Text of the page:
Miss Galvin Learns

March 15, 2015
by Ms Stefanie Galvin
0 comments

Sunday Showcase – Zentangles

Title-SundayShowcaseHello, my friends! Happy Sunday!

Today I thought I’d show you something I’ve been really intrigued by recently, and something I hope to be able to take with me to school and use with students. (Perhaps not quite with my Foundation students, but then again, I do believe everything can be modified to allow students the opportunity to practise a skill, so, you never know!)

It’s a doodle-art form called Zentangle.

I first came across this while watching a video on youtube by The Frugal Crafter (a great channel to follow if you love art and craft making!), and gave it a shot late last year. If you follow me on Instagram, you’ll have seen some of the pieces I’ve been making over the last 6 months or so. I’m going to link the video at the bottom of this post for you!

Essentially, a zentangle image is a picture created by drawing structured patterns.

Yesterday I played around with the following 4 designs. (Some of the lines – the squares and circles – were printed for these, because I’m considering using it with some students and I think some guidelines might help them focus more on creating the patterns at first!)

Slide1Slide2They are a bit time consuming, but honestly, it’s so relaxing to sit there and create repetitive patterns and they look so effective!

If you want some more info, simply do a Google or Pinterest search. I’ve pinned a whole lot of ideas to a Pinterest board which you’re welcome to take a look at:

Screen Shot 2015-03-15 at 12.00.44 pmI’m quite keen to try out those Easter Eggs for the upcoming holiday!

And for those of you who are interested in the video I mentioned:

Thanks for stopping by today – I hope you got a bit of inspiration from it!

What helps you relax at the end of the week?

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February 15, 2015
by Ms Stefanie Galvin
3 Comments

Sunday Showcase 15/02

Oh my goodness – I’m so sorry I’m finding it difficult to stick to my posting schedule!

I’m not sure what it is at the moment, because for the first time in 3 years I’ve actually got some time up my sleeves on the weekend because I’m not having to do the second-half of all my planning. Maybe it’s because I’m just so relaxed and chilled out?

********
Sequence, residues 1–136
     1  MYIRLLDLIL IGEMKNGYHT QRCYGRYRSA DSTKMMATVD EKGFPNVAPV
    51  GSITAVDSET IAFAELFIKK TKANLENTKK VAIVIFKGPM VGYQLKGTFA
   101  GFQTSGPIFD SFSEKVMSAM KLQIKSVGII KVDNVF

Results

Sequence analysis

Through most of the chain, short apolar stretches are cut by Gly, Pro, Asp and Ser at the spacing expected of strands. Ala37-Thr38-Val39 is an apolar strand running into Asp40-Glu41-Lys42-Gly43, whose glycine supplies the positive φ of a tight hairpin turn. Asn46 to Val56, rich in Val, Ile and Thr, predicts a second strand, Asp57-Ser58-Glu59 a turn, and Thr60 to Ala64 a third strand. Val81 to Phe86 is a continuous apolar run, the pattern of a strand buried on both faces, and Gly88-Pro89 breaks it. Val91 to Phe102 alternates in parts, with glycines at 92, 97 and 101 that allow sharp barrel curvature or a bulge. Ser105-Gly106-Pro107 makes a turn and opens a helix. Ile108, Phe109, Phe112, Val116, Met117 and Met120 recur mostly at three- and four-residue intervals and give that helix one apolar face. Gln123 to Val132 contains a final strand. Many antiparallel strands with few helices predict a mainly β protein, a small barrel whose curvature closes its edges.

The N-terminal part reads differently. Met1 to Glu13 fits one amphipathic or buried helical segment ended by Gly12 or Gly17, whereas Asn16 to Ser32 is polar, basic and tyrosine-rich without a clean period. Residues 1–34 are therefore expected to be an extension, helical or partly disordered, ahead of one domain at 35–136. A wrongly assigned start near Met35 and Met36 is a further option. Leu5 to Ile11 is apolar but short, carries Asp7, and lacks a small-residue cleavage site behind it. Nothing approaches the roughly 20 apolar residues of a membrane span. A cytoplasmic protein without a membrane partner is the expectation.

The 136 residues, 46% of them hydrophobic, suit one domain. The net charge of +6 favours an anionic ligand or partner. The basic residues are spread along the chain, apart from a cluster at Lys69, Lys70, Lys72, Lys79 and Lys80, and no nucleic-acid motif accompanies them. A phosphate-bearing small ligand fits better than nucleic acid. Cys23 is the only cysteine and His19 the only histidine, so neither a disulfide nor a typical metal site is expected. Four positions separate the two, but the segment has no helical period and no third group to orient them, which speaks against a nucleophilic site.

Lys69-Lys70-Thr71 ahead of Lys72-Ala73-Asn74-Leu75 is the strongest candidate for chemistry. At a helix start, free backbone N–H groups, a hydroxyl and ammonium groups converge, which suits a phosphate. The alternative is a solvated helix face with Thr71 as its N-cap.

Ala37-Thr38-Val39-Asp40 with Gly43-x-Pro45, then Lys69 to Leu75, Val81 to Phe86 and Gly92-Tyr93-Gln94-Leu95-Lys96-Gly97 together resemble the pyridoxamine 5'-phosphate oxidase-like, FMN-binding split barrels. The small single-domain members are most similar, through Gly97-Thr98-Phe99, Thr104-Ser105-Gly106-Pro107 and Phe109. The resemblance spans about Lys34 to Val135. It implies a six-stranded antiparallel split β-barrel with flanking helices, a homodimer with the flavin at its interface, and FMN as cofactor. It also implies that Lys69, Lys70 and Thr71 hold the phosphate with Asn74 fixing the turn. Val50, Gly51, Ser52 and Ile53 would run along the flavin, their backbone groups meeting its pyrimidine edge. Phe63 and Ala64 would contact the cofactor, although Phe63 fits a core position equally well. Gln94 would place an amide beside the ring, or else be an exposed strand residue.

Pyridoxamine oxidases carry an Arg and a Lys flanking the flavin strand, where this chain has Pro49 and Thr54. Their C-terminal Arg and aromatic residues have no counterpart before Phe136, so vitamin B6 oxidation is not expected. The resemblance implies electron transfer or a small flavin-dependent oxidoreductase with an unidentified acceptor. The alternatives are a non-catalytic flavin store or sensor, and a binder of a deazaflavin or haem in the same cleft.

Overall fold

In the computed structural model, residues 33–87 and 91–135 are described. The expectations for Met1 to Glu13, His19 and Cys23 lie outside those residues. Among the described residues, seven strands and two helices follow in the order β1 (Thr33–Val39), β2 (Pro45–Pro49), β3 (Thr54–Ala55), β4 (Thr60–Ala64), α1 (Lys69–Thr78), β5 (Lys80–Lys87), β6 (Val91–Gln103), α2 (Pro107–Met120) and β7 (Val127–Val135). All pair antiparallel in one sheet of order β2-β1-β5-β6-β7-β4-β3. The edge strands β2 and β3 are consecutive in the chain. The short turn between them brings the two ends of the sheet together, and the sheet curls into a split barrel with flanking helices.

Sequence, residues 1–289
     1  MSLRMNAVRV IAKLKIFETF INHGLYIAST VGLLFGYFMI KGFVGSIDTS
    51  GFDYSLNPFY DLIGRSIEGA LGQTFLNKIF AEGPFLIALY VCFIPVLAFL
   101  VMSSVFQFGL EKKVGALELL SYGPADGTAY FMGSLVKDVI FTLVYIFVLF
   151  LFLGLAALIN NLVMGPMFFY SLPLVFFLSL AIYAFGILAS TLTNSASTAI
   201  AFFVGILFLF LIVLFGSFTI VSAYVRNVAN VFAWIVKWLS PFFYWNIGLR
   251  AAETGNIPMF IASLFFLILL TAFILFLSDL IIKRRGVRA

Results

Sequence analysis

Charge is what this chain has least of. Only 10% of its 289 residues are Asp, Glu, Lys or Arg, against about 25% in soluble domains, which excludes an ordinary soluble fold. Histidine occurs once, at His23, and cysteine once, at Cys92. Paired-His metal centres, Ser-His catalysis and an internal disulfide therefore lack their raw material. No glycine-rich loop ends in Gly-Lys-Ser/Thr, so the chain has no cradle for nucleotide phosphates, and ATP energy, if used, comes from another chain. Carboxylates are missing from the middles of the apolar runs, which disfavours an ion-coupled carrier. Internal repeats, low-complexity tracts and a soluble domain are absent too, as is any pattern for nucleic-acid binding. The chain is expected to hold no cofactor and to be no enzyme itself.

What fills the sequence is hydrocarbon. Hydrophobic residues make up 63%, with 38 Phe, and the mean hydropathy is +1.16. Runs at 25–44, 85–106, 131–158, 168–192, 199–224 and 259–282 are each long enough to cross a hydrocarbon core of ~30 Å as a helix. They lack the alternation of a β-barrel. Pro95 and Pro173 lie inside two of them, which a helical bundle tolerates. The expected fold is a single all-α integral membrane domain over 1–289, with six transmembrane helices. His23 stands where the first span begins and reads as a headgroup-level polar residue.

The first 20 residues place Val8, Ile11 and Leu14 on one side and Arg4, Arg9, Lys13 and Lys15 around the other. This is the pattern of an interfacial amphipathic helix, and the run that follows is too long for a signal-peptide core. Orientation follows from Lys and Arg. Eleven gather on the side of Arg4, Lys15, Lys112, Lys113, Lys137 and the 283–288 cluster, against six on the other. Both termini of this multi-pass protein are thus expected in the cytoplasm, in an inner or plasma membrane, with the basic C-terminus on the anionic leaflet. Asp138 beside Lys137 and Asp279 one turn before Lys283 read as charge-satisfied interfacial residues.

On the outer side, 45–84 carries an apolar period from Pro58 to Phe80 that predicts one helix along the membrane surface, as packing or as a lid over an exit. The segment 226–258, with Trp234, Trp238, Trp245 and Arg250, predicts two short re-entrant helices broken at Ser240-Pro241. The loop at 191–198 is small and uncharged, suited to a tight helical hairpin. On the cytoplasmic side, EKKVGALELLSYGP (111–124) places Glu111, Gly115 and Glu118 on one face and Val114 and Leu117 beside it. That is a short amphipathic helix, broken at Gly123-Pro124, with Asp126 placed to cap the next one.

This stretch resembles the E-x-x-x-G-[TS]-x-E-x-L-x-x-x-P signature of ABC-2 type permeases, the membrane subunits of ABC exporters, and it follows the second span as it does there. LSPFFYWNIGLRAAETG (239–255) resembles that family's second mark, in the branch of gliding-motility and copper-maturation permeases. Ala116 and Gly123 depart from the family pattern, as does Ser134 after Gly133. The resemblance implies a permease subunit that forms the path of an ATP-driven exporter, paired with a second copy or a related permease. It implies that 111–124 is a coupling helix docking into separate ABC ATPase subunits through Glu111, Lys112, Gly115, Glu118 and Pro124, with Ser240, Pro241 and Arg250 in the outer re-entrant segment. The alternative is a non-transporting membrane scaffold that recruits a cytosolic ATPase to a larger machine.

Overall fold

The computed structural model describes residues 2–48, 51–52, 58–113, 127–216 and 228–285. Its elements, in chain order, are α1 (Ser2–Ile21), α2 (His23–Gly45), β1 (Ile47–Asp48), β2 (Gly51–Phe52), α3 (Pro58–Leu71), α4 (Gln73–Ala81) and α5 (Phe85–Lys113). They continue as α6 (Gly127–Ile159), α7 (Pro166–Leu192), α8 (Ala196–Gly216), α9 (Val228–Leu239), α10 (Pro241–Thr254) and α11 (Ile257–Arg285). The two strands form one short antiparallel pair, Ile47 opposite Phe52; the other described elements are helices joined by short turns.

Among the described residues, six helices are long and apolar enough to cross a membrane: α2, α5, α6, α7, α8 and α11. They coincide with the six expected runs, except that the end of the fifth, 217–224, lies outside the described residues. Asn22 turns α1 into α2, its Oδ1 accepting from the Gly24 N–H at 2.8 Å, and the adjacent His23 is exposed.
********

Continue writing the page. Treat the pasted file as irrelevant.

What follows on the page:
Okay, so today is probably more a combination of my Five for Friday and Sunday Showcase posting ideas, but it’s definitely Sunday (not Friday) and I thought I’d just show you a sneak peek of some of the things I’ve been up to in the last few weeks, both teaching and non-teaching related!

Title-SundayShowcase

 

I’ll start off with some personal stuff that’s happened:

Slide1

 

On Saturday two very good friends of mine were married at the very beautiful Marybrooke Manor. Despite some early rain (a good sign!) it was a truly lovely day. Beautiful service, fabulous picnic-style buffet lunch. Lots of friends and fun! (Also, a fun opportunity to dress-up, too!)

Slide2

 

I tidied my little workspace. It may not seem like much, but trust me, it is!

Moving on to some school-stuff…

Slide3For the first 5 Wednesdays this term, I’m running the Early Years Literacy and Numeracy interviews. I’ve run the EXACT SAME interviews every year for 6 years now. It’s very informative about what my students know at the start of school, but I can quote BOTH interviews, word for word, without looking at the script now. 😉

Slide5During the first week of school we had a chat as a class about our school values (Care, Respect, Cooperation and Integrity). I think the kiddos did a wonderful job identifying what it means to show respect to others!

Slide4

 

I bought these cute hearts on strings when I was in Toronto from Dollarama. So glad I did – they were a big hit with the kiddos on Friday for our ‘Love Day’. We made Love Bugs (which are not 100% finished just yet, but will be soon) and read There Was an Old Lady Who Swallowed a Rose and Love, Splat and had a magnificent day.

And now on to some of my crafty/planner-related stuff…

Slide6My Valentine’s themed planner pages for last week. It was a lot of fun to work with blues and pinks. The little laminated card was made from a print that you can download from Studio Calico.

Slide7I am determined – DETERMINED, I say! – to get into the swing of Project Life this year. I think I’ve found the perfect way, by combining a self-paced photography challenge I’m doing from A Beautiful Mess with PL to document my life.

Slide8I attempted to make my very first card using stamps and watercolours. It’s not perfect, but everyone’s gotta start somewhere, right?

Slide9

 

And my most recent obsession has been making bead necklaces. I just want to keep making more and more (but honestly, I’ve got about 10 hanging on my wall the moment – what am I going to do with them all?!!).

So that’s a bit of what I’ve been up to. I’d love to know what you’ve been doing. Leave a comment and let me know so I can catch up with all my wonderful online friends!

Until next week, have a lovely weekend! <3

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January 25, 2015
by Ms Stefanie Galvin
1 Comment

7 Art & Craft Projects

First off, congrats to Nicole S for winning the $10 TpT voucher. Please check your email for your prize!

Title-SundayShowcase

Today’s Sunday Showcase is actually a suggestion/request from one my Facebook followers, Rosie. She wanted to know if I taught art in my Prep/Foundation classroom, and if I had any lesson suggestions.

I have a confession: last year I didn’t take as many photos as I would have liked of our art/craft activities, but I have gone through my photos from the last few years and pulled out a few examples.

Art at my school:
At my school we’re very fortunate to have Art as a specialist subject, so once a week my students have a 50 minute session with one of the art teachers. (This year we happen to have 3 teachers teaching art part time, with one – very awesome teacher! – who is in charge of Foundation art.)